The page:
Host CD39 Deficiency Affects Radiation-Induced Tumor Growth Delay and Aggravates Radiation-Induced Normal Tissue Toxicity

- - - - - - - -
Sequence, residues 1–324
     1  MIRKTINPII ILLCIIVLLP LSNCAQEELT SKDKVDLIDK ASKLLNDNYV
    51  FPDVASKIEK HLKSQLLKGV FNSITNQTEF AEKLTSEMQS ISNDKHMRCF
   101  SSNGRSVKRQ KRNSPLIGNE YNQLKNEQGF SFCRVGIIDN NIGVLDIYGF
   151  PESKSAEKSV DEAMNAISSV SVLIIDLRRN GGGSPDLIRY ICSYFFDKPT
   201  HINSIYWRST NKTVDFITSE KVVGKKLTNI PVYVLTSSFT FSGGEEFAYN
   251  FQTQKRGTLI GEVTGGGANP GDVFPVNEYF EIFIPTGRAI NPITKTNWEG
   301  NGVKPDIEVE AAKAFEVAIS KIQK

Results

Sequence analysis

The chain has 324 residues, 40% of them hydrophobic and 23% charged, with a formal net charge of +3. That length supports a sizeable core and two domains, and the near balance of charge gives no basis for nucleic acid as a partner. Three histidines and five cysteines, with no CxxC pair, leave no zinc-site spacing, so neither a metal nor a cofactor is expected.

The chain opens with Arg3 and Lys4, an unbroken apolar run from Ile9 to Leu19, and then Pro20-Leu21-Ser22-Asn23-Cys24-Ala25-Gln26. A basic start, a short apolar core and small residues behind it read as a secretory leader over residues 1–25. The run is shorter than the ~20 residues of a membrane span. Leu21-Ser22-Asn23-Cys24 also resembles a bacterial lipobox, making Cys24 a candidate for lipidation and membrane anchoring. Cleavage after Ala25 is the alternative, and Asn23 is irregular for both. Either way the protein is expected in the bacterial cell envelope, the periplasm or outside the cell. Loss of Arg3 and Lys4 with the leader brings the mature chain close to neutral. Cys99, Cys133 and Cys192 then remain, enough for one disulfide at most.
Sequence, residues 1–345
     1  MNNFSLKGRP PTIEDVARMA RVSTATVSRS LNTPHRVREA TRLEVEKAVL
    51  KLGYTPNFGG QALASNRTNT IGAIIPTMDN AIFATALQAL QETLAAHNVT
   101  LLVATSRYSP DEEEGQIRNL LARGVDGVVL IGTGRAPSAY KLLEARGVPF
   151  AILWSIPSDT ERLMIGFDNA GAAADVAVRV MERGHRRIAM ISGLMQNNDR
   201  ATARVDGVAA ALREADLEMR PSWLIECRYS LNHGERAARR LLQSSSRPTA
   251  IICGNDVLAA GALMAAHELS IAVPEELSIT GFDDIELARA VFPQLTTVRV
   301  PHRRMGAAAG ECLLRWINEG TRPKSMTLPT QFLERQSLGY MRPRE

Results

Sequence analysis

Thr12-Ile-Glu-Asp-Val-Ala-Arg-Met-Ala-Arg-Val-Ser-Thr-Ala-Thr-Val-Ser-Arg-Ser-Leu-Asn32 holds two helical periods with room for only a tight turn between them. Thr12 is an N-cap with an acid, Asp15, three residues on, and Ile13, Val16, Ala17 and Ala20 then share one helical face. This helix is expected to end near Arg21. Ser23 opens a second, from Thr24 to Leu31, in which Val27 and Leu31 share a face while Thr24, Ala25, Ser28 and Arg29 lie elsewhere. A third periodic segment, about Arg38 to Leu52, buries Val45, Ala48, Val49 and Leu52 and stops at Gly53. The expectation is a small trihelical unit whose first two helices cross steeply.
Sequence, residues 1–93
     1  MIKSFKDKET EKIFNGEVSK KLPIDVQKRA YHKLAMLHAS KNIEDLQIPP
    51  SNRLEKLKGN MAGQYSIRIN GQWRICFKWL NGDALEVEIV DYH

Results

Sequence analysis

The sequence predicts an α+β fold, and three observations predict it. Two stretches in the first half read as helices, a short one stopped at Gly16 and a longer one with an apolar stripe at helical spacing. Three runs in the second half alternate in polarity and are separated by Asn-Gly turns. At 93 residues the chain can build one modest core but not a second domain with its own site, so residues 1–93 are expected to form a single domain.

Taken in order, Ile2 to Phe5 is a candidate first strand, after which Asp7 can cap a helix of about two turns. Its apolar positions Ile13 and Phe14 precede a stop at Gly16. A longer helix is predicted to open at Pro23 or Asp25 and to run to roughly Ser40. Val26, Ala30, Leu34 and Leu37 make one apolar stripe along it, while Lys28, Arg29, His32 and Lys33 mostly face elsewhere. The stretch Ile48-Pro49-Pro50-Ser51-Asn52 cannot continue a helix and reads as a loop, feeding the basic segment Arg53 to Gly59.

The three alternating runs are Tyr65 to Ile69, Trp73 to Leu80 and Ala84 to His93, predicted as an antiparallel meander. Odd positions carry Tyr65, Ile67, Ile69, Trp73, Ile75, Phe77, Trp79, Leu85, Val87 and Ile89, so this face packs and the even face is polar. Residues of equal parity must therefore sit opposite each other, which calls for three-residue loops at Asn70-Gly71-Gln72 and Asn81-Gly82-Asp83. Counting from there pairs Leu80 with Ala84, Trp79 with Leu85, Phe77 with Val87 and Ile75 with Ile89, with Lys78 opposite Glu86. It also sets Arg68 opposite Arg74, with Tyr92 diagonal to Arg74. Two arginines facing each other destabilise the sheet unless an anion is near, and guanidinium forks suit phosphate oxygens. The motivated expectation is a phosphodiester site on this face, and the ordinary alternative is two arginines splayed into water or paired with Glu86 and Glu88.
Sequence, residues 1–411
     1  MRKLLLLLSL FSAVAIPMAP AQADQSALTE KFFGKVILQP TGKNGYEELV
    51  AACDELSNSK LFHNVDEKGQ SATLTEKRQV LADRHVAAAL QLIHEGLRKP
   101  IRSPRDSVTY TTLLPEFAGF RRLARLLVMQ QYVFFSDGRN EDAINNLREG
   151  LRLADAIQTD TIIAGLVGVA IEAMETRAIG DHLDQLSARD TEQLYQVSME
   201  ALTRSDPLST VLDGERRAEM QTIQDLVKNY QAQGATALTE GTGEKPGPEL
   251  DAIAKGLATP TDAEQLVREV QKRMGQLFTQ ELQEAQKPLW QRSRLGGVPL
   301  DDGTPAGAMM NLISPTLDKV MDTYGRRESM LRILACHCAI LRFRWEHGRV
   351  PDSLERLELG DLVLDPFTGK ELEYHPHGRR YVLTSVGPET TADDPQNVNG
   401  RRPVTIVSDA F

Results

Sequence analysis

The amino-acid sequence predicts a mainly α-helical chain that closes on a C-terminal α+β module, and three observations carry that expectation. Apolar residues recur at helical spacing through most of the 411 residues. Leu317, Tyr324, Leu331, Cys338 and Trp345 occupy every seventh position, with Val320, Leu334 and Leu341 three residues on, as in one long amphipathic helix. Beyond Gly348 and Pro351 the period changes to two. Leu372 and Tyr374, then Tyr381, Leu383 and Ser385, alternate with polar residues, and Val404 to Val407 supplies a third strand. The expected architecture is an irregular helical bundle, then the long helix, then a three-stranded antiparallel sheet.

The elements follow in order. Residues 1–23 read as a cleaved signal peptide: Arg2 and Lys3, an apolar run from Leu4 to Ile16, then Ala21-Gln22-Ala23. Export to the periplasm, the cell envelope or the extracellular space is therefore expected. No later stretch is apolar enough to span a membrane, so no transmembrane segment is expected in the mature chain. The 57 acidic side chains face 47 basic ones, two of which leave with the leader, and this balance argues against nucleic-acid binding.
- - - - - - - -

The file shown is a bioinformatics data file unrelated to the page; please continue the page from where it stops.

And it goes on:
The ectonucleoside triphosphate diphosphohydrolase (CD39)/5' ectonuclotidase (CD73)-dependent purinergic pathway emerges as promising cancer target. Yet, except for own previous work revealing a pathogenic role of CD73 and adenosine in radiation-induced lung fibrosis, the role of purinergic signaling for radiotherapy outcome remained elusive. Here we used C57BL/6 wild-type (WT), CD39 knockout (CD39-/-), and CD73 knockout (CD73-/-) mice and hind-leg tumors of syngeneic murine Lewis lung carcinoma cells (LLC1) to elucidate how host purinergic signaling shapes the growth of LLC1 tumors to a single high-dose irradiation with 10 Gy in vivo. In complementary in vitro experiments, we examined the radiation response of LLC1 cells in combination with exogenously added ATP or adenosine, the proinflammatory and anti-inflammatory arms of purinergic signaling. Finally, we analyzed the impact of genetic loss of CD39 on pathophysiologic lung changes associated with lung fibrosis induced by a single-dose whole-thorax irradiation (WTI) with 15 Gy. Loss of CD73 in the tumor host did neither significantly affect tumor growth nor the radiation response of the CD39/CD73-negative LLC1 tumors. In contrast, LLC1 tumors exhibited a tendency to grow faster in CD39-/- mice compared to WT mice. Even more important, tumors grown in the CD39-deficient background displayed a significantly reduced tumor growth delay upon irradiation when compared to irradiated tumors grown on WT mice. CD39 deficiency caused only subtle differences in the immune compartment of irradiated LLC1 tumors compared to WT mice. Instead, we could associate the tumor growth and radioresistance-promoting effects of host CD39 deficiency to alterations in the tumor endothelial compartment. Importantly, genetic deficiency of CD39 also augmented the expression level of fibrosis-associated osteopontin in irradiated normal lungs and exacerbated radiation-induced lung fibrosis at 25 weeks after irradiation. We conclude that genetic loss of host CD39 alters the tumor microenvironment, particularly the tumor microvasculature, and thereby promotes growth and radioresistance of murine LLC1 tumors. In the normal tissue loss of host, CD39 exacerbates radiation-induced adverse late effects. The suggested beneficial roles of host CD39 on the therapeutic ratio of radiotherapy suggest that therapeutic strategies targeting CD39 in combination with radiotherapy have to be considered with caution.


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